Much has been said on the subject of expensive transportation connected with this war. It has inevitably been more than usually expensive in this respect. Florida had, and has, little or nothing within itself to promote the operations of war. Every thing has to be brought from a distance. Land transportation is provided with comparative economy for the settled operations of the interior. In this respect there has been no censure, as there has been no room for it. But, on the water, there is far greater difficulty, and the want of passable avenues into Florida has thrown nearly all kinds of transportation upon this element. To provide for this extensive want, resort was, of course, had to the steamboats of the neighbouring States. These were numerous on both sides of the peninsula, but were, of course, all engaged in local and civil matters, and could not be induced to withdraw from such occupations, — occupations, for which they had been constructed, with which they were familiar, and which involved only ordinary risks, — to engage in distant, untried, and positively hazardous employments, without a compensation proportioned to the change of circumstances.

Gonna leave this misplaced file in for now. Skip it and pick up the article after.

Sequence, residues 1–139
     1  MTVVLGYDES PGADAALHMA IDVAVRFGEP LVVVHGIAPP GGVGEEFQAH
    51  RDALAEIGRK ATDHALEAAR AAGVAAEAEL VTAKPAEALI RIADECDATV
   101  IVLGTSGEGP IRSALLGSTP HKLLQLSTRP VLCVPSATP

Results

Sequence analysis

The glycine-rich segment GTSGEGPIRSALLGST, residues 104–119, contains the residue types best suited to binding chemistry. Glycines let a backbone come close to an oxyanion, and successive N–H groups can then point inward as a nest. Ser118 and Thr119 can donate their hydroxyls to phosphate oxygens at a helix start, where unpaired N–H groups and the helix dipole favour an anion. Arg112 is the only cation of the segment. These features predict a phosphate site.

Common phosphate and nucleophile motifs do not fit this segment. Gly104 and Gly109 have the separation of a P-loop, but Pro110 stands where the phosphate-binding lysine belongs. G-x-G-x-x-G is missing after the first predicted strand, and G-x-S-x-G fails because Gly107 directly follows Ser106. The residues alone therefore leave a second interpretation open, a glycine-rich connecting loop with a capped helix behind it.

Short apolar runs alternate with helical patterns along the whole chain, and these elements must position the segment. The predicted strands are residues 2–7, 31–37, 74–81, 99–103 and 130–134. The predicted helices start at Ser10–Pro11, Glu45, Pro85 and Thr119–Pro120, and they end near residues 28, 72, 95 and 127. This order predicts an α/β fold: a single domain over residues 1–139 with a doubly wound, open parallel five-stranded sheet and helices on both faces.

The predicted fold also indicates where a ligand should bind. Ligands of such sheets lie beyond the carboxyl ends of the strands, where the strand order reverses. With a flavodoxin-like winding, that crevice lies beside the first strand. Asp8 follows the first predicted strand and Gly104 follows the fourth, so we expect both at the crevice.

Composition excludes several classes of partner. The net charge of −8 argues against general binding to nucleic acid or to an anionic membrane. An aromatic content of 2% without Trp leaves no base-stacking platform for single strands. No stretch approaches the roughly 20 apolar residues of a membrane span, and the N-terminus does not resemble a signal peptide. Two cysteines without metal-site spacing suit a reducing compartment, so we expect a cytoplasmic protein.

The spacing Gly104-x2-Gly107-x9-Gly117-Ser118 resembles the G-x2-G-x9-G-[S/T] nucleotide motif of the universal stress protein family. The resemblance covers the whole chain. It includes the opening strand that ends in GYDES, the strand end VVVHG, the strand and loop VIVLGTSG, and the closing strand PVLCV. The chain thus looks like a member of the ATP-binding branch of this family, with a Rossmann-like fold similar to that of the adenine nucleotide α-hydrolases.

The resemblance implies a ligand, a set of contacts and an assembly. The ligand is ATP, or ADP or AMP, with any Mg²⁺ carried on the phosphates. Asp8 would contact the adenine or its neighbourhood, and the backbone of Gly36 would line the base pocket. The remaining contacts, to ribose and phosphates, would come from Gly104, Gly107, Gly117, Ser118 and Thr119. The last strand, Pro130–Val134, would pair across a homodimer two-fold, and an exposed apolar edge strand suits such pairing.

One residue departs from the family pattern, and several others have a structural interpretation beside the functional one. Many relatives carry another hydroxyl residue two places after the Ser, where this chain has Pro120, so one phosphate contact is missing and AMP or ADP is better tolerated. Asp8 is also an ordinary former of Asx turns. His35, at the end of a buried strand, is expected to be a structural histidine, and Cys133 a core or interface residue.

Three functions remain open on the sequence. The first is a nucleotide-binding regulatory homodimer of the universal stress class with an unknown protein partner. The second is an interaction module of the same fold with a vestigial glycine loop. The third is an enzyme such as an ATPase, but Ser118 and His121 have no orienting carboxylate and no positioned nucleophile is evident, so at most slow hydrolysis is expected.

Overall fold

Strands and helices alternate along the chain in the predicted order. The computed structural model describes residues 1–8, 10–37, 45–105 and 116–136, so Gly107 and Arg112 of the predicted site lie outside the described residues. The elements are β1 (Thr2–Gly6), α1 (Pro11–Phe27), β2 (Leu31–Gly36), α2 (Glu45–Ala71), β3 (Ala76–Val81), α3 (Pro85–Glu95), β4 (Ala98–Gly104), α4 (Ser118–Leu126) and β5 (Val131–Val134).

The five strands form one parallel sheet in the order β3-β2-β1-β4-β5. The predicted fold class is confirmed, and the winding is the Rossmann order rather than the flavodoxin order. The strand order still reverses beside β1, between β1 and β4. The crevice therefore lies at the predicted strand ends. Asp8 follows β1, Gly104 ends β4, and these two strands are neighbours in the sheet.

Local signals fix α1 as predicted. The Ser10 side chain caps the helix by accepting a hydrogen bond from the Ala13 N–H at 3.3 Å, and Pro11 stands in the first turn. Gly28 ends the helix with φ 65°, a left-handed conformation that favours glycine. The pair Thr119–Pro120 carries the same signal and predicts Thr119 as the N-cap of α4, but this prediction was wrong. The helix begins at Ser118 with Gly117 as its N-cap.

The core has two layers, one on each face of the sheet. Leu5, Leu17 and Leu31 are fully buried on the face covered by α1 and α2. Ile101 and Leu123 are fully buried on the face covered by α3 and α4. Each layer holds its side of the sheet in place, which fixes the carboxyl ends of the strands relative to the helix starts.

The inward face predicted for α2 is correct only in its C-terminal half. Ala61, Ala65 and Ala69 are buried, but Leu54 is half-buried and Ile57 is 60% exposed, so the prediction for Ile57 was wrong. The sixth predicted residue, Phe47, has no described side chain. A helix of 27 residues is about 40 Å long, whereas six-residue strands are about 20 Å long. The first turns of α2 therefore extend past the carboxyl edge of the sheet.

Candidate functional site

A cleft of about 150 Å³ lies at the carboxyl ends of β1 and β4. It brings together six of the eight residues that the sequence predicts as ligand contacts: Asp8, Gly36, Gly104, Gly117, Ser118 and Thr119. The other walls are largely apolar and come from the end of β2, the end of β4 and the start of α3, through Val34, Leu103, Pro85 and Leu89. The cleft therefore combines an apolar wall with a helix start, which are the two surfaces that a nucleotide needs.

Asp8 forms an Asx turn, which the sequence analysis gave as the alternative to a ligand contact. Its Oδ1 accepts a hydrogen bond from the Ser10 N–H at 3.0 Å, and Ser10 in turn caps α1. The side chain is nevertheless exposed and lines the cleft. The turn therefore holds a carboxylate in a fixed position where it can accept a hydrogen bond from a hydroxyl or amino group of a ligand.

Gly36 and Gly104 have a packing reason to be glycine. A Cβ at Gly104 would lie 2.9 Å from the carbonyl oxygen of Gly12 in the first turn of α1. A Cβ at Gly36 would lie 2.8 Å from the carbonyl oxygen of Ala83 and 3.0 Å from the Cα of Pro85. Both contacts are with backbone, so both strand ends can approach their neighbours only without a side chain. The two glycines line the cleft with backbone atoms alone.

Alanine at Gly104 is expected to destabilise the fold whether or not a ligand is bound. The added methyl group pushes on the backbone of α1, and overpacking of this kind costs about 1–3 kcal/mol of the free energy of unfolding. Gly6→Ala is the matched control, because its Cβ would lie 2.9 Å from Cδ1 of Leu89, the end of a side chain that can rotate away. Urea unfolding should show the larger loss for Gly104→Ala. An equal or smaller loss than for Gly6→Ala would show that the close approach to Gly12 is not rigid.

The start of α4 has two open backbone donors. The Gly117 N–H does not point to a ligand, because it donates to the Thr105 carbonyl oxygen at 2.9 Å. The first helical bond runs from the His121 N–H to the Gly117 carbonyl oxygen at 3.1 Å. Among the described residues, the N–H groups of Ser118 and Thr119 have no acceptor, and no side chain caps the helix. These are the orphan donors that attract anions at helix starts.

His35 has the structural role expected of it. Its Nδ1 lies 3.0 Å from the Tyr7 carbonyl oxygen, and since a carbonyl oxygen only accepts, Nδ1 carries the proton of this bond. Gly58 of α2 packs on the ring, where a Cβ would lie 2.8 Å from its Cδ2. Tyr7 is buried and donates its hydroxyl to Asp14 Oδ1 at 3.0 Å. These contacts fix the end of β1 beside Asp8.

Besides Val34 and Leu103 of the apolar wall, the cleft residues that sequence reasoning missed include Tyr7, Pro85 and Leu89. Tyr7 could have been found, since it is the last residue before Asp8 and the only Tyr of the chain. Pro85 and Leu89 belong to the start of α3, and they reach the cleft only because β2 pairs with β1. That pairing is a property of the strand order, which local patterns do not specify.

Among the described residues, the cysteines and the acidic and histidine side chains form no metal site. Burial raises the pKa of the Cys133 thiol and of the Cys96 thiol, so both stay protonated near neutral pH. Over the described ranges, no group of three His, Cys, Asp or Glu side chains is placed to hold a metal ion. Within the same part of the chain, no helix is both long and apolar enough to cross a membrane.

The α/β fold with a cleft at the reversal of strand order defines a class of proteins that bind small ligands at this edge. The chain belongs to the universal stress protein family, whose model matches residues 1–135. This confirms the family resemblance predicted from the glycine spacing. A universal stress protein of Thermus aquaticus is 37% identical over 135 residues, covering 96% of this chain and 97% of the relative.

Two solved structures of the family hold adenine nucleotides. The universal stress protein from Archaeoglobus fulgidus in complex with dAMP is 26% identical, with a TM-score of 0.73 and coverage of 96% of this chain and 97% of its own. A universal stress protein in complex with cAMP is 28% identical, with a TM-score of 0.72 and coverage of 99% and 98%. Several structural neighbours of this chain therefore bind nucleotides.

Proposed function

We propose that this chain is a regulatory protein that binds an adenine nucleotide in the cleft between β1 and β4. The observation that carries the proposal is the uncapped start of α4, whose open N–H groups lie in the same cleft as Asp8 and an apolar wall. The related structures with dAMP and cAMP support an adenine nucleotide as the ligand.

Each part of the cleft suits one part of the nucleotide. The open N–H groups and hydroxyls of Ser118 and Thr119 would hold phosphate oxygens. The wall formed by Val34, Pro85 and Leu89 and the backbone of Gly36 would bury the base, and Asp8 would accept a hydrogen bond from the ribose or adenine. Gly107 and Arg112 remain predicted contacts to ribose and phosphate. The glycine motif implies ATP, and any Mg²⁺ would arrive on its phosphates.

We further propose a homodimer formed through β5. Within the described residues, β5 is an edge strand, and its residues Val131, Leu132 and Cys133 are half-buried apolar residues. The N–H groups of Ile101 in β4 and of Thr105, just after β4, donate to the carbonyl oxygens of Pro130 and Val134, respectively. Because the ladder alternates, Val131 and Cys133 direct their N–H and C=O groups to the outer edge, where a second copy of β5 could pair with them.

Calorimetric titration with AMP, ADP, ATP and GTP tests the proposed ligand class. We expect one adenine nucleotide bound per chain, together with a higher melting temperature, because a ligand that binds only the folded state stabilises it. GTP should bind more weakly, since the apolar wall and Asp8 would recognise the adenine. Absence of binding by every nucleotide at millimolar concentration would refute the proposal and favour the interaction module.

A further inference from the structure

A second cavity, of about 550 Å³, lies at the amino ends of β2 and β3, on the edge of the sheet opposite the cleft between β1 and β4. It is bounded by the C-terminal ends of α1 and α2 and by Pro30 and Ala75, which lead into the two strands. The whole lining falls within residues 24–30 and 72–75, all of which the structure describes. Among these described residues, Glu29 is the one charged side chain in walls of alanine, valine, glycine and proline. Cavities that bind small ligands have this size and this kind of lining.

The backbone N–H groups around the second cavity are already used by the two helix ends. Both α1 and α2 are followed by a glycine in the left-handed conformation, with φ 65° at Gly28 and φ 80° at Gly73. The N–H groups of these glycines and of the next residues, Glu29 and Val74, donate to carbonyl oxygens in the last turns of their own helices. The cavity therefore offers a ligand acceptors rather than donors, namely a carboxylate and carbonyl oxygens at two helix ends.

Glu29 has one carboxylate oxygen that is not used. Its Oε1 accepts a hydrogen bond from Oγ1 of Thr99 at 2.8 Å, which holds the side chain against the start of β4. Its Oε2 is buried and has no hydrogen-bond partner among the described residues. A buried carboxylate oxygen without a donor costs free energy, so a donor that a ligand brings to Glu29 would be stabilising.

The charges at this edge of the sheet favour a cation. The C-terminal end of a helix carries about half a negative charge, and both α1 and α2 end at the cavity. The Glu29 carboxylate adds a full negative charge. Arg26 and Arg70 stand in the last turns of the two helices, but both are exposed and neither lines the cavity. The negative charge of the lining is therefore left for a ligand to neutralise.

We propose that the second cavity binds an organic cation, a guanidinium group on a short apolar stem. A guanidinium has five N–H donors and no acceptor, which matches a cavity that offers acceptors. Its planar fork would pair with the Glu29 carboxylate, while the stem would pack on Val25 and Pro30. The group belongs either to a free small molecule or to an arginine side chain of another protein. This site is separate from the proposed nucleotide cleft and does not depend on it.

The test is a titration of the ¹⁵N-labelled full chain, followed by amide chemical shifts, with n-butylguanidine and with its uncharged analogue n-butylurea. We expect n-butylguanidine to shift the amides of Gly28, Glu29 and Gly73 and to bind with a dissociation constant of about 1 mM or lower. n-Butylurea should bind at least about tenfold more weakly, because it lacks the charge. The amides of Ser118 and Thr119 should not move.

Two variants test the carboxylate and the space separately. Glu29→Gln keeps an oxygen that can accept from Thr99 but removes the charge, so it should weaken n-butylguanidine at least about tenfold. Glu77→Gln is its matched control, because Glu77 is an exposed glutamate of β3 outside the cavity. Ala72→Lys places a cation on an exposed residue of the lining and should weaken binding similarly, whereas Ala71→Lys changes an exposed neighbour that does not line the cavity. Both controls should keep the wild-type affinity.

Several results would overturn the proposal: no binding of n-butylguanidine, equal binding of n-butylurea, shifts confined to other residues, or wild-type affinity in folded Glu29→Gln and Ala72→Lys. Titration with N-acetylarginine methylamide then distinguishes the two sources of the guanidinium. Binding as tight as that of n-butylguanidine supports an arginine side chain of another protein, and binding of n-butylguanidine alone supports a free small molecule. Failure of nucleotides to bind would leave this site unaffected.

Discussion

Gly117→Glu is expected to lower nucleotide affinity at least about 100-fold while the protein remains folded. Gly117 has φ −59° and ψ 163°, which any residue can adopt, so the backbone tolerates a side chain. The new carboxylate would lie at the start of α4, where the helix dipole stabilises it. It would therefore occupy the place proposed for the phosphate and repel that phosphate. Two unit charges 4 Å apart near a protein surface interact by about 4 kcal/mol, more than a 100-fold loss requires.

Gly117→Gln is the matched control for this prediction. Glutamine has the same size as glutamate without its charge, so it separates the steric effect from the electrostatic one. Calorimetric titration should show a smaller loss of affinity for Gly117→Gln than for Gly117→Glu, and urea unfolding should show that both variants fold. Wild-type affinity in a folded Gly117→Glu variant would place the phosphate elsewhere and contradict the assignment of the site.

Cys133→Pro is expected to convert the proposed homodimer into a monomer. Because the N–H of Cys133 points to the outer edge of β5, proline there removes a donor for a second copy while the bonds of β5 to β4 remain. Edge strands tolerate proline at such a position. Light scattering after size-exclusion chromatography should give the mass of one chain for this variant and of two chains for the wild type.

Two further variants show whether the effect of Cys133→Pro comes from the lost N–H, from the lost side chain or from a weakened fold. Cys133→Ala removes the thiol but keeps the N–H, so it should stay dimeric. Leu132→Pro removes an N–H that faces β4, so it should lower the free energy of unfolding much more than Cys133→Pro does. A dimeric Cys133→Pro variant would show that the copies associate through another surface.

In a late session of Congress, a member, in the course of his speech, cited a long list of steamboats engaged in the Florida service, with the monthly compensation contracted to be paid to each. None of these instances exhibited any thing extraordinary. The compensation was pretty uniform, and, no doubt, had been brought down to a fair standard by the demand and supply of the market. These steamboats were, as we have before remarked, exposed to hazards of various kinds, and also to severe wear and tear. There was, therefore, a reason for demanding an unusual compensation. But, taking all the instances here cited, and ascertaining the aggregate amount paid under them, we should account for but a small proportion of the 5 millions ” so often voted for this war. There were a few conspicuous cases, on the Gulf side, of unprincipled advantage taken of the extreme necessities of government, where steamboat transportation was indispensable to immediate operations, and these cases have struck the public with wonder and disgust. But such occasional exhibitions of inordinate cupidity, though they may have filled, to overflowing, the pockets of a few individuals, drew out of the treasury only an inconsiderable fraction of these “millions.” They served to point a moral and adorn a speech, but formed only a small item in this vast account of extravagance.